November 16, 2009 | BITE: My Journal

Gastropub Alert: Tanuki Tavern

Half orders of stylishly dressed rolls at Tanuki lets us order more. Photo: Steven Richter
Half orders of stylishly dressed rolls at Tanuki lets us order more. Photo: Steven Richter

        I am surprised myself that I rather like Tanuki Tavern, a minor hiccup in the eclectic Food Hall we call the Meatpacking District.  It’s named for the Japanese raccoon dog and billed as a gastropub, a term I’ve done my best to ban from polite gatherings for evoking images of gastroenteritis. It’s the new venture of the week for endlessly optimistic feeding mogul Jeffrey Chodorow, downsizing what was once Ono in the Gansevoort Hotel, into a fantasy of an izakaya.  I could say ho-hum, a bar with snacks. But I say, “Nice try.”

Big crisped shrimp tempura ride in atop the bowl of soba. Photo: Steven Richter.

        Granted it’s wildly noisy, with a cluster of Japanese paper lanterns over the crowded bar area, and perhaps it’s more about sake, imported beer and cocktails, needless to say, than dining fulfillment. There are smart wood dividers and bare tables in a rosy Barbie pink glow, as an early report suggested. I do feel quite at home (okay, they recognized me waiting for a table) at a dim and shadowy table upfront, sharing small plates and handsome big bowls, loving the  soba noodles in wasabi broth with big battered shrimp and the deliciously crisp tempura seafood – lobster, shrimp, scallops, soft belly clams and oysters with a sweet chili aioli at just $17.

Early in the evening the standup bar gets more action than the sushi bar. Photo: Steven Richter

        There’s room for penny pinching here (if you’re not suffering from frugality fatigue by now) with snacks, most soups and noodles priced from $5 to $15, and entrées mostly $18 or less, except for a 16 oz. pork t-bone at $32 and a Japanese Waygu filet at a price the menu refuses to divulge. Our waiter opens the ceremony with that now inevitable announcement, “Our small dishes are meant to share.” 

Wagyu mini-burgers are full of flavor; pizza overflows. Photso: Steven Richter

        "How many Wagyu mini-burgers in an order?” I ask.


        “But that doesn’t work because we’re three.”

        “Sure it will, just get two orders,” he tosses back brightly, a math whiz.

       “How about giving us an order and a half?”

       “Why not?” he agrees.

       When a runner from the kitchen brings two orders I try to send one back. But our server steps up, promising he’ll only charge for one-and-a-half, the extra, his gift.  Well, the rich meaty little patties piled with shitake relish, daikon and pickled ginger are lush and delicious, needing only a smaller roll for perfection. 

Yellow fin tuna spaghetti Bolognese looks better than it tastes Photos: Steven Richter

        I wish we were six so I could order everything on the specials list: fried chicken livers with ponzu-miso-chili dip, scallop rumaki, octopus sunomono, steamed mussels in a sake-miso-seaweed broth and crispy rice with roasted teriyaki squab. The three of us are digging this Japanese-inflected American comfort cooking. Alas, a big bowl of yellowfin tuna spaghetti Bolognese with two slices of grilled bread on top is a bust – overcooked noodles (now rightly excised from the menu). Too saucy and spicy blue crab pizza is undone by too many ingredients dribbling down my arm: avocado, radish sprouts, red miso and three tobikos: red, black and green. What made me think it would work, you might ask? Guess I was just into the vibe and, a day without pizza….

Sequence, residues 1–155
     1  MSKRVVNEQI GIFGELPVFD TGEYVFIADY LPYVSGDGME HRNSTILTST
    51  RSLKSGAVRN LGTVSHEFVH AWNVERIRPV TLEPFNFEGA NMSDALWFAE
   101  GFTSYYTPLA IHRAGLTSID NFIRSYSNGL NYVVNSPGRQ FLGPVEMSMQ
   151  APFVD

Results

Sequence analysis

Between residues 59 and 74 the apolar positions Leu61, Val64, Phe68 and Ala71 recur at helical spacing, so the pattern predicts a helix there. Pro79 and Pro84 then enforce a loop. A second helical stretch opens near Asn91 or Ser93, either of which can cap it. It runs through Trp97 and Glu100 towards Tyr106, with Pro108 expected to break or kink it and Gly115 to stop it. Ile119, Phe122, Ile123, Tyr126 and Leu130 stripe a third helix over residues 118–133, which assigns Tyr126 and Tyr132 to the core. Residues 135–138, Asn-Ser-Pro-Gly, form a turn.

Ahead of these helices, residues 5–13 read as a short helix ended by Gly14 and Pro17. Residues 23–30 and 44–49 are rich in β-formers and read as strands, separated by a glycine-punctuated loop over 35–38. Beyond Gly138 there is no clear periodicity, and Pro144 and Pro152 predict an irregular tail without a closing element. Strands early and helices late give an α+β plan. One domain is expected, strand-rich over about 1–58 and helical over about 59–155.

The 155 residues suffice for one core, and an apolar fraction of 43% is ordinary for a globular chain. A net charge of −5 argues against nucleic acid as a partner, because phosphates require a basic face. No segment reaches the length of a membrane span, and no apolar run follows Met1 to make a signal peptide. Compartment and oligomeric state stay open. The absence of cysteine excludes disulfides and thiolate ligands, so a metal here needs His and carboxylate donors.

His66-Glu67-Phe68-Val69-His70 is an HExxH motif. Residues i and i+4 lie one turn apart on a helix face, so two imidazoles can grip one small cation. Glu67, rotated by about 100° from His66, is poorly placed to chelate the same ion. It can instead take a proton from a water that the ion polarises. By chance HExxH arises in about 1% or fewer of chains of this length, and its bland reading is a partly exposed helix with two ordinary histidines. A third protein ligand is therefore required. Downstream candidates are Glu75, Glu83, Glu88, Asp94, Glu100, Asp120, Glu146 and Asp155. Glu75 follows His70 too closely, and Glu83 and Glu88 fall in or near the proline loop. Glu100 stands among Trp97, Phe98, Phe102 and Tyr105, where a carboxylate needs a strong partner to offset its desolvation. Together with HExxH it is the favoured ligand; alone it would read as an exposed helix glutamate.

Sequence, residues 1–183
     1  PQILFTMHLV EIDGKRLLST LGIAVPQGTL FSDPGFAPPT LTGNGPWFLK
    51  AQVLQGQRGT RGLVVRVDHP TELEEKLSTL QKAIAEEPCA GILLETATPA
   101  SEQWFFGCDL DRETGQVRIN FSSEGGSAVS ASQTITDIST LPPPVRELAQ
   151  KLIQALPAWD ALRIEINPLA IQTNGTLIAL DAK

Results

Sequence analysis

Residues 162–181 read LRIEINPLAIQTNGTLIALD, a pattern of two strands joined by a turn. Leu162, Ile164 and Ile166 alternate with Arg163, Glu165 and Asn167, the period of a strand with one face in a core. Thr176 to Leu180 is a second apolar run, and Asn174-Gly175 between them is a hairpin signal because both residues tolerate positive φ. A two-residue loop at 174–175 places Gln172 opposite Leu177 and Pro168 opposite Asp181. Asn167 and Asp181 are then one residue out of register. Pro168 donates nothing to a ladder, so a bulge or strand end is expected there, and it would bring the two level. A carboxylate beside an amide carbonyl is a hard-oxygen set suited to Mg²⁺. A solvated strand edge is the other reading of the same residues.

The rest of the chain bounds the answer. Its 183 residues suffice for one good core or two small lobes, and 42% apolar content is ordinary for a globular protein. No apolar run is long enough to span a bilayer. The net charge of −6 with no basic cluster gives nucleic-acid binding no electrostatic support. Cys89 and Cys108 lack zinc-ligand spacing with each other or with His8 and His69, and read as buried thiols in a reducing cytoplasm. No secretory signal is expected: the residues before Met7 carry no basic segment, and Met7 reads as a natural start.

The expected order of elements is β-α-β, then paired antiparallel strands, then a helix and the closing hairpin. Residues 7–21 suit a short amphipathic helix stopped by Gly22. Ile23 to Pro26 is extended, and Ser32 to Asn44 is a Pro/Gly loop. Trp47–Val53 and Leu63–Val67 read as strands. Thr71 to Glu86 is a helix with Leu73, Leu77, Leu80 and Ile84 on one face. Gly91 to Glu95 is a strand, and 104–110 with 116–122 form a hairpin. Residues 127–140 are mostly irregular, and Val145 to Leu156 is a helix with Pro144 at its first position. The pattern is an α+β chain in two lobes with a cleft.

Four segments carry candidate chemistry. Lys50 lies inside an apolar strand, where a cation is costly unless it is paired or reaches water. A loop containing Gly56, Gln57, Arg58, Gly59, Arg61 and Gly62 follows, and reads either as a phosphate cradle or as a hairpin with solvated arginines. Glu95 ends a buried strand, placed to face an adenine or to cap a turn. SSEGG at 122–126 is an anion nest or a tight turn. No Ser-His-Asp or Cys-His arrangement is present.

Maki are similarly creative (or a tad glopped up, if you prefer).  A sesame crusted tuna tataki roll with avocado, spicy tuna mousse, cucumber, scallion and eel sauce drizzle is better than the Yakuza BBQ roll with eel, avocado and Boursin cheese topped with spicy mango.  Or maybe it was the other way around.  Does it sound like I’ve had too much sake? Not at all. I had my usual glass of red wine.

       At this point, a familiar young man introduces himself - Zack Chodorow, the college-age scion I’d once met.  “May I send out some dishes?” he asks.  I find his deference endearing.  Okay, one dish, I agree.

Saturday night fever all dressed up in Tanuki’s bar. Photos: Steven Richter

        "Tori dango,” announces the runner, delivering Zack’s choice, three chicken meatballs encased in a marvelous rice crust with spicy ponzu.  Shall this be dessert? I waver. The place is getting noisier.  The gossip girls in their strapless backless dresses and spike heels are clustering near the bar, as if seeing each other is their favorite way to spend Saturday night. Sure the gathering is young and cute but it’s not that high gloss chic that can be intimidating. I’m glad I’ve persuaded our guest not to resist warm chocolate and red miso cake with sansho pepper sabayon - a voluptuous finale.

       I have no idea how lively it is upstairs but the bar scrum is so thick we need an escort to clear a path to the coat check. Next day I look at the bill and see we’ve paid for four Wagyu sliders, not three - a princely $26.  I’m sure the waiter who promised to charge for just three wasn’t smart enough to do that on purpose. I consider tweeting my annoyance but I’m already thinking we might go back one evening for more hit-and-miss but amusing Japanese-American fusion.  Togarashi-spiced French fries. Little neck clams and sake angel hair. Miso braised-marrow bone with black lava sea salt. Could be fun.

       By the way, Japanese folklore celebrates the tanuki as a mischievous cutup, according to Wikipedia, a master of shapeshifting but somewhat gullible and absent-minded. Chodorow told The Times’ Florence Fabricant that the tanuki is the patron saint of restaurants. I bet he’s hoping it’s so.

Hotel Gansevoort, 18 Ninth Avenue at 13th Street 212 660 6766